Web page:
The Three & Four Musketeers – UHD Review

When The Three Musketeers was made by A Hard Day’s Night and Help! director Richard Lester in 1973, the idea had been around for a while. The original plan was for The Beatles to be the musketeers, but obviously that did not happen, because they were no longer a band by the time this happened. By the early 70s, Lester had also fallen out of favour to some extent, having done a couple of films that were not very successful (How I Won the War, Petulia and The Bed-Sitting Room). As a result, he had gone back to doing a fair bit of advertising, incorporating his trademark quick cuts to commercials. That made it a comeback project after his popularity with the Beatles films and The Knack (which was not a good film, but was a success) had faded.

He assembled a very starry cast—the cream of the crop of early ‘70s actors—including Michael York (d’Artagnan), Oliver Reed (Athos), Frank Finlay (Porthos) and Richard Chamberlain (Aramis) as the eventual four musketeers. They are joined by Raquel Welch, Geraldine Chaplin and Faye Dunaway, with Charlton Heston as their nemesis Cardinal Richelieu and Christopher Lee as his minion, the Count de Rochefort. Lester wanted Malcolm McDowell in the d’Artagnan role—that would have been a very different movie! Chamberlain, always an underrated actor, is quite good here. York was a solid leading man around that time, with a nice little run that included Cabaret and Logan’s Run.

The script by George MacDonald Fraser was a little more faithful to the Alexandre Dumas book, who was brought on mainly because Lester had been trying to make a film based on Fraser’s Flashman series. It has most of the beats of the story, including the conspiracy, political intrigue, swashbuckling and romance that you would expect from a Three Musketeers movie, and it’s considered a definitive take on the characters by many. There’s enough of The Goon Show-style humour that Lester emerged from to keep it light, and Spike Milligan is also in the cast.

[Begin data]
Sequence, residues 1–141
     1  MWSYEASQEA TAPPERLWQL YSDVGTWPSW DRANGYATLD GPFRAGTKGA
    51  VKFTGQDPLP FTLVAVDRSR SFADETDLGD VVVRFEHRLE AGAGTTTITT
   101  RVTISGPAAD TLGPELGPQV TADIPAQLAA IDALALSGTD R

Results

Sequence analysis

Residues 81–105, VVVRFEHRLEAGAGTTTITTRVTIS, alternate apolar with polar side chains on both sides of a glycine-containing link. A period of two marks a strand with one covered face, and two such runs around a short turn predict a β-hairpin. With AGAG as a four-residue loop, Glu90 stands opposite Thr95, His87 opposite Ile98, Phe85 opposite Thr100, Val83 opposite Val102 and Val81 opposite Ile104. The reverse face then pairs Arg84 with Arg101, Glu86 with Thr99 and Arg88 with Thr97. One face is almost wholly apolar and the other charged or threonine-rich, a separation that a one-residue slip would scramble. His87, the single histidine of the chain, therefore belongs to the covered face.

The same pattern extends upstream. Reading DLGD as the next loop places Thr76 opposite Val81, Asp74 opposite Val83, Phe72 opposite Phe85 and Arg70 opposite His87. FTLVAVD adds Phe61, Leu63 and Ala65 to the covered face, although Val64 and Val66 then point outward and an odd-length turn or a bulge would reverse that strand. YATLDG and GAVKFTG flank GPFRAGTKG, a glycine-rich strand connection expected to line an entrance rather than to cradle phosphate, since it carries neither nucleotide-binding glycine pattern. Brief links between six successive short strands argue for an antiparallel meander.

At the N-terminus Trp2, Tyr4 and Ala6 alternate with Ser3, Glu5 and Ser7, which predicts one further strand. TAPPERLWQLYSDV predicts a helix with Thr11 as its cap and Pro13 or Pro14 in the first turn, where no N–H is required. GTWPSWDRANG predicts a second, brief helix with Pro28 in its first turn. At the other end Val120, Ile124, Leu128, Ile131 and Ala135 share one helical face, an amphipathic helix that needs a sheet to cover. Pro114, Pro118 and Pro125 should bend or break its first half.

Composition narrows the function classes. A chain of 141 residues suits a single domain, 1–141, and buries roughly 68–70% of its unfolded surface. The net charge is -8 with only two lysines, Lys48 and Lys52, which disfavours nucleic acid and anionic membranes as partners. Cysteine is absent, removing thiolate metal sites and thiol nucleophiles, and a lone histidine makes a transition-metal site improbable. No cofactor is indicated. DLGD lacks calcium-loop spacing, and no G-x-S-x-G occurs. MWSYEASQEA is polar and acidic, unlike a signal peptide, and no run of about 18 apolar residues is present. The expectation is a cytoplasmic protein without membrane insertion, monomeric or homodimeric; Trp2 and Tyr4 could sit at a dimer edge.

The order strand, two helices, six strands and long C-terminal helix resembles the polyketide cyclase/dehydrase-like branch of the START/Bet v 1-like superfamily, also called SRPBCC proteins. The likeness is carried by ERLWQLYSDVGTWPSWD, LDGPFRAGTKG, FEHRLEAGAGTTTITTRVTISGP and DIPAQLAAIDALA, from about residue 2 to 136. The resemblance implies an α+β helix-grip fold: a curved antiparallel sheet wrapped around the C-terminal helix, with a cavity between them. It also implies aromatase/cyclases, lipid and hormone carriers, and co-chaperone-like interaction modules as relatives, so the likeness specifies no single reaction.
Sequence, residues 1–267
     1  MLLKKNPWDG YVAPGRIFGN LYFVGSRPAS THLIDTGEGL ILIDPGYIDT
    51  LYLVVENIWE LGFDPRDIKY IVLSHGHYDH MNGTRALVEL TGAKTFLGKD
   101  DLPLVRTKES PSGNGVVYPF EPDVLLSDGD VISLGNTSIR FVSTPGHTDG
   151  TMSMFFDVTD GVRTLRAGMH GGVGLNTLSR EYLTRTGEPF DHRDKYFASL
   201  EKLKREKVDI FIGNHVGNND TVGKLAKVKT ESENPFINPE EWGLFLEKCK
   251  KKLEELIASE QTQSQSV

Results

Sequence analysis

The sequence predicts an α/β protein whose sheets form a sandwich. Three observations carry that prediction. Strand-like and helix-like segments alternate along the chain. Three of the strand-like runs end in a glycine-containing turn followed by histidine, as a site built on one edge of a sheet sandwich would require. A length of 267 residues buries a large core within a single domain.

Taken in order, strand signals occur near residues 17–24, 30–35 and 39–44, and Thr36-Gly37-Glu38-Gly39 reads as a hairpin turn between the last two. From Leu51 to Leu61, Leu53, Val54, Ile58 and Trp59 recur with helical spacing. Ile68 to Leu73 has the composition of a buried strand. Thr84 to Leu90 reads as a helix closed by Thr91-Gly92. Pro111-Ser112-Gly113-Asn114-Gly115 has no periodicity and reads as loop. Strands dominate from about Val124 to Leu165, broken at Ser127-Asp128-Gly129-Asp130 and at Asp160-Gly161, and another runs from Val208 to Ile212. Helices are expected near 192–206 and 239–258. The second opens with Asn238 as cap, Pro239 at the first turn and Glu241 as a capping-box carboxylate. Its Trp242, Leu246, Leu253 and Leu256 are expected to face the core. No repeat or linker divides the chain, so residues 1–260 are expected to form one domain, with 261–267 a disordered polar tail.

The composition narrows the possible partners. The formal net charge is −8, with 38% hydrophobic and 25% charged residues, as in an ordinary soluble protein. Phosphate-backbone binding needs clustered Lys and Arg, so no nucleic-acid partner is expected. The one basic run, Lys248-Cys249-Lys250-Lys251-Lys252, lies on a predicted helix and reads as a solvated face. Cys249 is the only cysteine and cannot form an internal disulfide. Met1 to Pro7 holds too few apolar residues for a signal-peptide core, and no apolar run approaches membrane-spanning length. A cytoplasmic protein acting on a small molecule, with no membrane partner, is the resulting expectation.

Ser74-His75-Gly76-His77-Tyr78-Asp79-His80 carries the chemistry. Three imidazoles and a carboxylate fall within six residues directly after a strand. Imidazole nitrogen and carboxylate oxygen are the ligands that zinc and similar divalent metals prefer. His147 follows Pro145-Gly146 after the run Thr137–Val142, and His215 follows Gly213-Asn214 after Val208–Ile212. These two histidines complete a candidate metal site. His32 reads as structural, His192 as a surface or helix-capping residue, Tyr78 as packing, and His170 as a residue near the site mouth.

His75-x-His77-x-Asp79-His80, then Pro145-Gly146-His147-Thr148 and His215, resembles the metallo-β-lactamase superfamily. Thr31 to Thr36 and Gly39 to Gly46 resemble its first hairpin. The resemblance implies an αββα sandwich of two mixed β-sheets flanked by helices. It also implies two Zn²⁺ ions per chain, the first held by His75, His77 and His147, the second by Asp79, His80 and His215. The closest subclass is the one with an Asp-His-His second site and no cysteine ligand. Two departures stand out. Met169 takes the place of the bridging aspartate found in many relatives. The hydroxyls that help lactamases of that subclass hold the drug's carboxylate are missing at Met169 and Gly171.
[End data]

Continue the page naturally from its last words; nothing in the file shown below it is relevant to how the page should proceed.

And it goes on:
There’s some great swordplay, but Welch and Dunaway don’t have much to do in the first film. They come into their own in the second film, The Four Musketeers, which came out in 1974. The sequel is very much a continuation of the story, and has more of a Gilliam-esque take on the story. Gilliam has said he admired what Lester did with these films.

The two movies were actually shot as a single long film, and that became a bit of an issue. The initial plan was for it to be a roadshow epic with an intermission but the edit was taking too long so it became two films. The producers did not completely inform the actors that it would end up being two films, although Heston has written that he was told about the plan. The others didn’t know, and some of them ended up suing the producers because they’d only been paid for a single film.

The Three Musketeers is a bit more kid-friendly: for one thing, no one really dies in the film. A lot of people die in The Four Musketeers, which is a little darker and more interesting, with more depth and some actual stakes. There’s also more Oliver Reed in the second film, which is good because he’s the most interesting person in the film, as is usually the case. Reed playing an alcoholic musketeer was not really much of a stretch.

The films were a nice counterpoint to what Hollywood was churning out in the early ’70s: a family-friendly affair that did pretty well, although the second was not as well received because of its different tone and certain parallels between the plot and what was actually going on politically at the time. The pair are both well-made films, and some of the best work that Lester ever did. There are reasons these films have continued to be much loved: good humour, great storytelling and fantastic action.

Cinematographer David Watkin was Lester’s go-to partner for many years. He was a very adaptable guy who also worked with Ken Russell, including The Devils, and could shoot pretty much anything. Here he creates some beautiful shots at times, but in an unfussy style with a lot of soft light, something he pioneered. Watkin was a cinematographer who should get more notice today, because he was very good—he did win an Oscar later for Out of Africa.

As soon as these films found their market, Fraser and Lester reunited to make their planned Flashman movie with Reed and Malcolm McDowell, which was a huge failure. He did manage a later comeback with Robin and Marion, followed by yet another flop with a Sean Connery vehicle, Cuba, which also marked the end of his working relationship with Watkin.

Both releases include the films on both 4K and Blu-Ray, with the extras included on both discs. Neil Sinyard does a nice overview of both films and a little bit of an overview of Richard Lester’s career before and after the release of the Musketeers films. The Three Musketeers includes an additional vintage making-of and the US and UK trailers, plus there is a long vintage making-of documentary split over the two films. The Four Musketeers disc has only one trailer instead of two.


Ian Schultz

Buy The Three Musketeers

Buy The Four Musketeers


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